One of the things people ask me from time to time is if I could help them put on a skateboarding event of some kind. Usually the request comes from a church or some youth organization that is typically looking to organize a skateboarding contest or jam to reach local kids. The ambition these folks have is great and I love that they want to hold an event that appeals to the interests of someone other than themselves. However, I obviously can’t help or even consult everyone who contacts me (especially as my ability to do things for free decreases) so I figured the next best thing to do would be to put together an article that would basically act as a free guide for putting on skateboarding events. I’ve structured this guide into three parts each covering the preparation, marketing, and execution of a skateboarding event. This is the first part in the guide.
Part 1: Goals, Resources, and a Budget
Set Some Goals
Before putting on any kind of event, it’s absolutely critical to set some realistic goals. These goals should be hard enough so you don’t “wing it” and put on a half-hearted event, but they need to be achievable as well. In the context of a skateboarding event, a common goal would be some attendance or sponsorship figures. For example, you could set your goal to get at least 300 people to attend the skate jam or you could aim to generate $5,000 in donations. Either way, a goal is important so you know what you’re working towards.
As a caveat to goals, it is important that you don’t just put on an event to exploit skateboarding to generate exposure for your organization. Skateboarders aren’t dumb and they see right through that sort of thing. If your goal is to leverage a skating event to promote yourself, you need to balance it by providing enough value for the people you’re trying to reach (i.e. prizes, promo items, free food, etc.)
What Are You Working With?
The next step is to take an honest assessment the resources you have at your disposal. I’ll never forget the time I was asked to be involved with a skating event in a small, southern Indiana town. I agreed to be involved, but when the day of the event came and I arrived at their venue, I was extremely disappointed with the discrepancy between what they told me they had in terms of resources and what I actually saw. They told me that they had acquired several ramps and a flat, smooth riding surface set aside for the event. When I arrived, I found that they had a few pieces of wood that were crudely nailed together and were a legitimate safety concern (not something I usually worry about). They had set everything up on an abandoned tennis court that had more cracks in it than a dried up lake. It really seemed like they didn’t put forth much effort and consequently, I felt a little used and that my time was wasted.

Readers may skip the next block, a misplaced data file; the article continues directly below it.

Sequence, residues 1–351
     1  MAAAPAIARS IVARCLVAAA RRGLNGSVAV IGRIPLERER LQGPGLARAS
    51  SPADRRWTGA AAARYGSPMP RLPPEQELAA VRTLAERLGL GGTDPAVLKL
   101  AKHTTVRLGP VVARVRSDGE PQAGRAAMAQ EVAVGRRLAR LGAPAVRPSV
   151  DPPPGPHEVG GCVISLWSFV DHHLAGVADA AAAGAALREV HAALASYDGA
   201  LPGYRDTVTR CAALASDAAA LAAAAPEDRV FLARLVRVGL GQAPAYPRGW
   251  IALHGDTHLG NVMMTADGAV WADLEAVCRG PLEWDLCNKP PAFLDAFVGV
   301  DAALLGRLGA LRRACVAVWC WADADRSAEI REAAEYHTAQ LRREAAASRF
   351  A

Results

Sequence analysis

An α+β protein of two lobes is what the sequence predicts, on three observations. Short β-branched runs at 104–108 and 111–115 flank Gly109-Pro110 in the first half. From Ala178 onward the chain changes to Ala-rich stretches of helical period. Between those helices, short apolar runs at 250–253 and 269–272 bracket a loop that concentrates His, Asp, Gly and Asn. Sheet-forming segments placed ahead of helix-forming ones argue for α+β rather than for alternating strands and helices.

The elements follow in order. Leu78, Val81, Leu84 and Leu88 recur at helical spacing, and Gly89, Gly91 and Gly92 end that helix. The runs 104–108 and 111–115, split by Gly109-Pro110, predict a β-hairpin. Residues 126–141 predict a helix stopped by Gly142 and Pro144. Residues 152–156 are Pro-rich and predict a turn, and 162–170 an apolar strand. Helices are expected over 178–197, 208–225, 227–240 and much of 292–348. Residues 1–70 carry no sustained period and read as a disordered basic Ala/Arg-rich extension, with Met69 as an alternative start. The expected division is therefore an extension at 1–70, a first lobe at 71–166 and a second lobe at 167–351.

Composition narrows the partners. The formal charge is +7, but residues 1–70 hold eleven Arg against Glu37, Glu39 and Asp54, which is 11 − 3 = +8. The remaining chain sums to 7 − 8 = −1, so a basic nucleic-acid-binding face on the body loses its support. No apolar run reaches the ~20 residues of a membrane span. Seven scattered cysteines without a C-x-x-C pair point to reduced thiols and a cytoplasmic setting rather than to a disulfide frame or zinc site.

It’s not uncommon to have limited resources, I mean not every town has a world class skatepark, but it’s no excuse to misrepresent what you have at your disposal. The point is that you always need to call a spade a spade. If what you have to work with in terms of skateboarding ramps is a piece of crap, then call it a piece of crap. It’s okay! Do however, realize that the less you have in terms of good ramps, a skatepark, or a smooth, crack-free, gravel-free, riding surface, the harder it will be to put on a good event. You also have to realize that simply having someone in your church or organization build some ramps, almost always backfires. That’s because constructing skateboarding obstacles is not something that someone without years of experience with the sport can do. That leaves rentals as your other option, which can be very expensive.
How Much Money Are You Investing?
Finally, you need to make sure that your financial resources are adequate for reaching your goals.In other words, do you have a budget? Let’s say your goal is to get 500 people to attend your event and your event budget is $1,000. If you do some basic math, you’ll see that you have $2 to spend for each person. That means you have just $2 to use to promote the event to that person, provide them with a venue, feed them (if that’s part of your plan) and provide some of them with prize (if you’re doing a contest). That doesn’t include the other costs of an event like electricity, a sound system, or whatever else you might need. Generally speaking, if you aren’t able to spend at least $5 per person, you’d better have some great sponsors who can subsidize you or you should reconsider holding an event altogether.
Hopefully you’ve found part one of “How to Organize a Skateboarding Contest” to be helpful. If you have any questions or feedback, please feel free to comment below. In the next part, I’ll be discussing the marketing of an event which you won’t want to miss. Stay tuned and feel free to check out some of my other articles too.